The official unemployment figure for February is due out later this week. Unemployment in Australia is 5.1 per cent, which is significantly lower than that of most Western economies. If the February figure remains around 5 per cent it will be welcomed by the Gillard government and its supporters.

Fair enough. Labor is justified for claiming some credit for Australia not going into recession after the global financial crisis, which wreaked havoc in much of the northern hemisphere. Sure, the then prime minister, Kevin Rudd, and his deputy, Julia Gillard, inherited a very strong economy courtesy of the legacy of the Coalition government led by John Howard and his treasurer, Peter Costello. Yet without question Labor’s fiscal expansion helped to sustain employment.

However, if the Gillard government is willing to accept praise for low unemployment among the general population, then it should be prepared to accept some responsibility for Australia’s high long-term unemployment figure.

The Australian Bureau of Statistics recently published a report titled Labour Markets and Related Payments. It revealed that in January this year 349,806 Australians were long-term recipients of the Newstart allowance, meaning they have been on unemployment benefits for a year or more. In January 2009 the relevant figure was 258,403. That is an increase of about 90,000, or more than 33 per cent, in two years. The figure for long-term unemployment is increasing despite the general level of unemployment dropping over the past year.

The point about the long-term unemployed is that virtually no one wants to discuss them. The Prime Minister, Julia Gillard, delivered a major address to the Committee for Economic Development of Australia in February in which she discussed unemployment, labour shortages, underemployment, part-time employment and those on the disability support pension but refrained from specifically mentioning the long-term unemployed.

Last October Ged Kearney, the ACTU president, addressed the National Press Club without focusing on unemployment at all.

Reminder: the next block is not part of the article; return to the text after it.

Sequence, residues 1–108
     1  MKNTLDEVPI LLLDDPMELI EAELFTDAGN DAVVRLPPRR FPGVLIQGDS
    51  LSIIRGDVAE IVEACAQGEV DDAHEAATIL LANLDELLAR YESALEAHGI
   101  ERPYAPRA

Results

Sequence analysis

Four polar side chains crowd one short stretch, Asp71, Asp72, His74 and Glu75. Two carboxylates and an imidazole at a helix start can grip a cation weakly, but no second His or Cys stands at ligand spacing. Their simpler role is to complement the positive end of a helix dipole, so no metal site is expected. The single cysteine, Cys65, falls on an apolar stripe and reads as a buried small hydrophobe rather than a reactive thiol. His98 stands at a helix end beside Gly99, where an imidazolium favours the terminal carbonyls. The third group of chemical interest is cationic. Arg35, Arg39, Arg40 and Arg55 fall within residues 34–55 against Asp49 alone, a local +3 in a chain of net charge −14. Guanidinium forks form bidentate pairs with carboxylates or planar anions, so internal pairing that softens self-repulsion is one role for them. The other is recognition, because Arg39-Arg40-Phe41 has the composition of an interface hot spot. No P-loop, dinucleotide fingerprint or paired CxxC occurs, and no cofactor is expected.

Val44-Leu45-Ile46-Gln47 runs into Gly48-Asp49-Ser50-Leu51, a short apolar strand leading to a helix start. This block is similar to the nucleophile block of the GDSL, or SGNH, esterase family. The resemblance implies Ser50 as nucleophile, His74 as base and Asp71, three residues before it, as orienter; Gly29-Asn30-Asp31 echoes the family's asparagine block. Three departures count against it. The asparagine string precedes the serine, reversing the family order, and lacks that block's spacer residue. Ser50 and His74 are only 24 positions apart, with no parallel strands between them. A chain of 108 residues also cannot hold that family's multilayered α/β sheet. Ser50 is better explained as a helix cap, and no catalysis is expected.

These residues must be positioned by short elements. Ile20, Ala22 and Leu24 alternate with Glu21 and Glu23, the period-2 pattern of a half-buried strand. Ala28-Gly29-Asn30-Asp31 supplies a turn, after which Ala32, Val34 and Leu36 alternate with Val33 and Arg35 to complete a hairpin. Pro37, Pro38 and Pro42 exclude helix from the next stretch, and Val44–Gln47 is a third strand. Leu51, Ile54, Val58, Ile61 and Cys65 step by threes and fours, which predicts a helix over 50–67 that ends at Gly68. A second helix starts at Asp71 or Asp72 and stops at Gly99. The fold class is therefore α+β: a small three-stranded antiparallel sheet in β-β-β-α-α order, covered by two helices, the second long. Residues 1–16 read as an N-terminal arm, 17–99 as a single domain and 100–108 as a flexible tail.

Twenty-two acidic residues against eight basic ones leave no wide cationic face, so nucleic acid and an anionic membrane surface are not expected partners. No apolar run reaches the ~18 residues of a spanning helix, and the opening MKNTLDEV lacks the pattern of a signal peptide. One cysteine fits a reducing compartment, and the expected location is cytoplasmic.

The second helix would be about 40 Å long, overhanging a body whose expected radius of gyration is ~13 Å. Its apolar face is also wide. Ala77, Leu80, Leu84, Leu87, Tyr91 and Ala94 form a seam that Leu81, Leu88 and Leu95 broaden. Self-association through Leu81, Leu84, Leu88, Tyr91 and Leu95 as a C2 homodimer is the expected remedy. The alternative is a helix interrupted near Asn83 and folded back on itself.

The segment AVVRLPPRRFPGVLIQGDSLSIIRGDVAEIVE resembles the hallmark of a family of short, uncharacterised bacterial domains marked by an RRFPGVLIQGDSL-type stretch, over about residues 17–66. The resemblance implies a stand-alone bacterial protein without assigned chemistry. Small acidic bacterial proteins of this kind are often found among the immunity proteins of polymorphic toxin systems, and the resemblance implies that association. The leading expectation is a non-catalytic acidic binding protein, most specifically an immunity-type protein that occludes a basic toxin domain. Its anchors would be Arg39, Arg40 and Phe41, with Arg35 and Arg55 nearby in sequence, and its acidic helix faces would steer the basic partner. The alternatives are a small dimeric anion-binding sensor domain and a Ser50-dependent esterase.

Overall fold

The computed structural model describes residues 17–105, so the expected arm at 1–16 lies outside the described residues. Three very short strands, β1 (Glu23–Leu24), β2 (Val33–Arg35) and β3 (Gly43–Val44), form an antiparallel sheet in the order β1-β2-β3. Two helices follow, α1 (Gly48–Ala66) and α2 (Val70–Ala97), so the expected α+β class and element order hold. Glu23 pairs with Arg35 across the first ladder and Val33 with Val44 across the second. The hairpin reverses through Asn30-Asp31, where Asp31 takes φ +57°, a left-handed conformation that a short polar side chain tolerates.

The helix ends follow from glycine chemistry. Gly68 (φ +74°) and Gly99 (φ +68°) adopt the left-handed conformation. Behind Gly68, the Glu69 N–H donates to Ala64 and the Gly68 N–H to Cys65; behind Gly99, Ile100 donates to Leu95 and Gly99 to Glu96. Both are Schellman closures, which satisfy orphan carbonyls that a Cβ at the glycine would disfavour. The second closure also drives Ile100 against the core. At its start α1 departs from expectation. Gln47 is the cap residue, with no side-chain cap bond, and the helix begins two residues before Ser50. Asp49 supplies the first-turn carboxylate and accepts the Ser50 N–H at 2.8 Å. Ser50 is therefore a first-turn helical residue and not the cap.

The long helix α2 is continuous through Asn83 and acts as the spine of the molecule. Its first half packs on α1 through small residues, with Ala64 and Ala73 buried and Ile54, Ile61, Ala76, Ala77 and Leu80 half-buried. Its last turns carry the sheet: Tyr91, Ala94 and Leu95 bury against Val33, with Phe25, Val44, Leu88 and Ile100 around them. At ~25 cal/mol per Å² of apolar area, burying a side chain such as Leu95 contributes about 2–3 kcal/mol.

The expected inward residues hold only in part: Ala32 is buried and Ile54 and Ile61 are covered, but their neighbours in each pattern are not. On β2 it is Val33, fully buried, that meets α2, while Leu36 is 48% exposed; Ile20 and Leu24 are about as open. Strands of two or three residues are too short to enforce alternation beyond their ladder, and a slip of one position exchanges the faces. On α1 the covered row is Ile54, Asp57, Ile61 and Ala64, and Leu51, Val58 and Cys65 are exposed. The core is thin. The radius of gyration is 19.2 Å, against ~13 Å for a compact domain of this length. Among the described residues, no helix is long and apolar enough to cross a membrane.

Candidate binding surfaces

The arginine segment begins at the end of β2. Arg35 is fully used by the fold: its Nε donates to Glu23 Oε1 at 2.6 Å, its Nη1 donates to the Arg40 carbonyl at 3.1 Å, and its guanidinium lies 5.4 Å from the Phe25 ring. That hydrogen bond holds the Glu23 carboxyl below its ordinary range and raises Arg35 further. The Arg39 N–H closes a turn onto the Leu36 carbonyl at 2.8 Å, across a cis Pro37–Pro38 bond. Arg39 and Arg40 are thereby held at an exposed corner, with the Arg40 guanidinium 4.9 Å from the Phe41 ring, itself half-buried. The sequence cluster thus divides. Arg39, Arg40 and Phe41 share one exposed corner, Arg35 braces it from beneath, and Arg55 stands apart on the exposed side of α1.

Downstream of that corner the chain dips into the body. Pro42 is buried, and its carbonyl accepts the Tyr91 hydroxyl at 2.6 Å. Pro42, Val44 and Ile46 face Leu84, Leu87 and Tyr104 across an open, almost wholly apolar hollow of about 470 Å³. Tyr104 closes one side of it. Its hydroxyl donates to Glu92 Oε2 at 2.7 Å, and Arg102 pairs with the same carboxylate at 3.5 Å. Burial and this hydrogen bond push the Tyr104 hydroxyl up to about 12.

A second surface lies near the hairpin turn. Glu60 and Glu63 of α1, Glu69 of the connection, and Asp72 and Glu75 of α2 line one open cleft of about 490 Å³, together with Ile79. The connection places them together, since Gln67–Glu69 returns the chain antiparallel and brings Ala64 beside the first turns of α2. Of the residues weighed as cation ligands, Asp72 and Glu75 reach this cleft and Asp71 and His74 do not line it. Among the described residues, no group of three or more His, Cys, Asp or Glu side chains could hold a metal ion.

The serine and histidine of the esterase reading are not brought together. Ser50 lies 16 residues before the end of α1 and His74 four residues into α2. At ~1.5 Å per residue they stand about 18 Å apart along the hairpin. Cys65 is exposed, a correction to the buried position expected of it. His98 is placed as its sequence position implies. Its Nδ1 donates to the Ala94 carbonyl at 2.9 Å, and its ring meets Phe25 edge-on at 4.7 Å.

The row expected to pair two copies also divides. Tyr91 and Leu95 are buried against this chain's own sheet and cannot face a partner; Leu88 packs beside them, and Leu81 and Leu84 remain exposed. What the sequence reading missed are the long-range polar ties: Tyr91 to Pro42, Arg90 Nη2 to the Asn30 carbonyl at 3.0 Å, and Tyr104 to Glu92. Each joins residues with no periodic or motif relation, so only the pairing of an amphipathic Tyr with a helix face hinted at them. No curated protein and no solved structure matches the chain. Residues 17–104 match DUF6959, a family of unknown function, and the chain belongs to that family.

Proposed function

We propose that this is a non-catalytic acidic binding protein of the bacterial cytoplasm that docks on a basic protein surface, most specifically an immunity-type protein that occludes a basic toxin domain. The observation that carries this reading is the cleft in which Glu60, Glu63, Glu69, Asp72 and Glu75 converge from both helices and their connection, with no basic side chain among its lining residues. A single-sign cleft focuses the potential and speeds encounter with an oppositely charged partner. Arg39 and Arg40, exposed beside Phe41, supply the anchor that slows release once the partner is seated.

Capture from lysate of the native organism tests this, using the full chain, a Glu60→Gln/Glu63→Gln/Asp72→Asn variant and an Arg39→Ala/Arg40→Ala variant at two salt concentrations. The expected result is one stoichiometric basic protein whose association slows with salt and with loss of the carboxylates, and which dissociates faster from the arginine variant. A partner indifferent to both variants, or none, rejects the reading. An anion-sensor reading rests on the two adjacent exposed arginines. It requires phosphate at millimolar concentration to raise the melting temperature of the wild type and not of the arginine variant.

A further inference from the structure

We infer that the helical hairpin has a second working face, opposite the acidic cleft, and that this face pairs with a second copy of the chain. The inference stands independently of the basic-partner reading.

It is much the same with the other members of the industrial relations club, which appears to have been revived since the passing of Labor’s Fair Work Act.

When I worked in the department of industrial relations in the early 1980s, it was evident that those in the system – governments, trade unions, employer organisations, public servants, academics and journalists – thought little about the unemployed. It was not that they lacked empathy towards those out of work. It was just that they focused on those already in the system.

If general unemployment had increased by more than a third in just two years, this would be an occasion for considerable comment. But when such a rise is restricted to the long-term unemployed there is little, if any discussion.

Why? The reason seems to be that no one wants to address the issue. Not Labor, which introduced the Fair Work Act. Not the Coalition in opposition, which was politically burnt by the unpopularity of Howard’s Work Choices legislation. Not the Greens, who are primarily focused on the inner-city educated class which has no trouble finding work.

Not government-appointed tribunals such as Fair Work Australia and the Fair Work Ombudsman, whose officials are employed to preside over the regulated system. Not the trade unions, which are focused on union members who pay dues and potential members already in the workforce. And not academics and journalists who, with some notable exceptions, are essentially cheerleaders for the regulated system.

The explanation for the silence turns on the fact that the Fair Work Act has disadvantaged the long-term unemployed. This is partly due to decisions by Fair Work Australia to increase hourly rates in the hospitality industry at weekends, thus discouraging small businesses from operating in the seven-day economy. More seriously, the restoration of the unfair dismissal legislation with respect to small businesses is a real job killer for the young and the poorly educated.

If you are running a small business in the suburbs or regional areas you are more likely to give a young, uneducated person a job if you can subsequently dismiss the employee if they perform poorly. You are less likely to take a risk in employing someone if, following poor performance, the employee in question alleges unfair dismissal and starts a legal action before an industrial tribunal.

If unsuccessful, the employer faces a compensation payout or possible restitution of employment. Even if successful, the employer has been required to either engage expensive legal representation or take off time for a tribunal appearance or, perhaps, both.

The Howard government’s Work Choices legislation was criticised by trade union officials, industrial relation academics and more besides. But Work Choices did lead to the growth of permanent employment – particularly among the young, the old and females seeking permanent part-time work.

The educated, of whatever age, will usually get work in a growing economy. Labor’s re-regulation of the industrial relations system has bit hardest at the poorly educated young. This has led to dreadful levels of youth unemployment in the outer suburbs of most cities and in some regional centres.

Next Friday Australians have a right to feel proud about our relatively low unemployment level. But there is scant justification for the continuing silence about the long-term unemployed.